When it comes to personal finance, budgeting is an important element. Yet I observed that many young Singaporean working adults fail to understand the importance of budgeting and how to practice it in an effective manner.

This is not surprising as most students were not taught about how to manage money in schools and at home, most parents also seldom discuss household budgets with their children. As Asian, we also find it taboo to talk about money issues during social meetings. All these factors reinforce the notion that budgeting is not relevant to successful personal finance, which is totally untrue.

Many people thought that budgeting is all about counting beans and tracking your daily expenses. But I beg to differ. Sure, there are means and various mobile apps designed to track your daily expenses but I find that managing personal finance at such micro-level would take the kick out of living a meaningful life.


Just imaging this: having to think twice about buying or treating your good pal that cuppa of Starbuck coffee. Or how about skipping a close colleague just to save that ang pow money? Money is important but we should not let it rules our lives and stresses us out. Conversely, we must manage it to make our life meaningful. So a good budget is about managing your personal monthly cash-flow to ensure that your living expenses, savings, investment plans and retirement needs are catered for.

Separate bank accounts for savings and expenses
I have a few bank accounts to manage my budget. The expense account is the one in which my salary is credited to. Every month, fixed expenses such as car loan installments, parking fees, insurance premiums, handphone bills and utilities bills, income tax (I pay by installments) would be deducted from this account.

Pay yourself first
Every month on my pay-day, 20% of my take-home pay would be electronically transferred to another bank account. This is my saving account which consists of my Emergency Fund, Retirement Fund and Opportunity Fund. To cultivate a good saving habit, young working adults should adopt a “pay yourself first” mentality as this is a sort of enforced saving plan.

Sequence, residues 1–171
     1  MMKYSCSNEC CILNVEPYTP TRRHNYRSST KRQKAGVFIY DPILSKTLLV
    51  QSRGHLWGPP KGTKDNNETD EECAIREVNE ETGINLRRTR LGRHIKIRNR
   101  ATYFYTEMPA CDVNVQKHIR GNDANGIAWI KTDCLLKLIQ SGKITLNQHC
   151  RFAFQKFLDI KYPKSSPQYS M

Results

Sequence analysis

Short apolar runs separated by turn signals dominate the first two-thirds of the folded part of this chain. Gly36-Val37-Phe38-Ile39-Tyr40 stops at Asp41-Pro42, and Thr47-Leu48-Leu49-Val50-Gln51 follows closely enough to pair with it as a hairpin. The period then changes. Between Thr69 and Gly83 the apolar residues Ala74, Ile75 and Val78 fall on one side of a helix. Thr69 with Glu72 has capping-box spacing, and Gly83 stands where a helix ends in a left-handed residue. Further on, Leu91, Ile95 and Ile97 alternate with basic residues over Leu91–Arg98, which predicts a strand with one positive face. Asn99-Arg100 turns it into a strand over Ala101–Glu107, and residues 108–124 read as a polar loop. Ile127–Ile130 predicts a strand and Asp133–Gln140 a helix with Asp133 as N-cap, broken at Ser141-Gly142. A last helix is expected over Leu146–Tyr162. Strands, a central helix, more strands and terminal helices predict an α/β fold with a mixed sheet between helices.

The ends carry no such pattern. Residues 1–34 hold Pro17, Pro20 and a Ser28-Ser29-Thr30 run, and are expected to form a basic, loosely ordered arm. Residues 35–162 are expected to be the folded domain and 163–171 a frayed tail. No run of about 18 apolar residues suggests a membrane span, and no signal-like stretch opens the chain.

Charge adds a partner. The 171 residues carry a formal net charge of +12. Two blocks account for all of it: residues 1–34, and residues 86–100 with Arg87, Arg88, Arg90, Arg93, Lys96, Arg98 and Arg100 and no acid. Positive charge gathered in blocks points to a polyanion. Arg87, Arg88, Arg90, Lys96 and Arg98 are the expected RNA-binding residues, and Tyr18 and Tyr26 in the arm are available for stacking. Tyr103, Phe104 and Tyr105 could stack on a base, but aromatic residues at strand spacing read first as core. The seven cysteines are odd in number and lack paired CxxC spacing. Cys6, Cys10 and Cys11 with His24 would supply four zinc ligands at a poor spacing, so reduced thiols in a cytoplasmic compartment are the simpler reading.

Many people started their career thinking that in order to build up a credible saving, the best way is to pay off monthly expenses or credit card debts first and save the remaining income. While this is not a wrong thinking, but in doing so, saving would subconsciously become a second priority and takes a backseat. And in this day and age, with so many material temptations, it is very likely that you would overspend and not have any remaining saving at the end of the month.So this thinking is not practical, in my opinion.

Credit cards
I am a great fan of credit cards but I think credit card companies would dislike people like me. This is because I pay my credit card bills on time every month and had never incur any late charges before. In addition, I always read the statements and call to waive off the annual membership fees without fail.

Another reason why I love credit cards is because they allow me to track my monthly expenses and allows me to stagger my bill payments (normally every credit card has grace period of 3 – 4 weeks to settle the outstanding amount). Therefore if for a particular month, after “paying myself first”, I found that I have overspent, I would stagger the bill to next month before the deadline. Normally I draw $100 in cash from the ATM every week for daily meals. Going plastic allows me to have a good sense of my monthly expenses without counting beans on a daily basis.

The above techniques are used by me for budgeting purposes. I am sure there are other different ways which work for others. Feel free to share any best practices for budgeting in this blog, SG Wealth Builder!Join me in my investment journey and read my financial adventures for free! You can opt to subscribe email updates on my articles for free by entering your email address below.

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Magically yours,

SG Wealth Builder

Updated: November 1, 2017 — 2:31 pm

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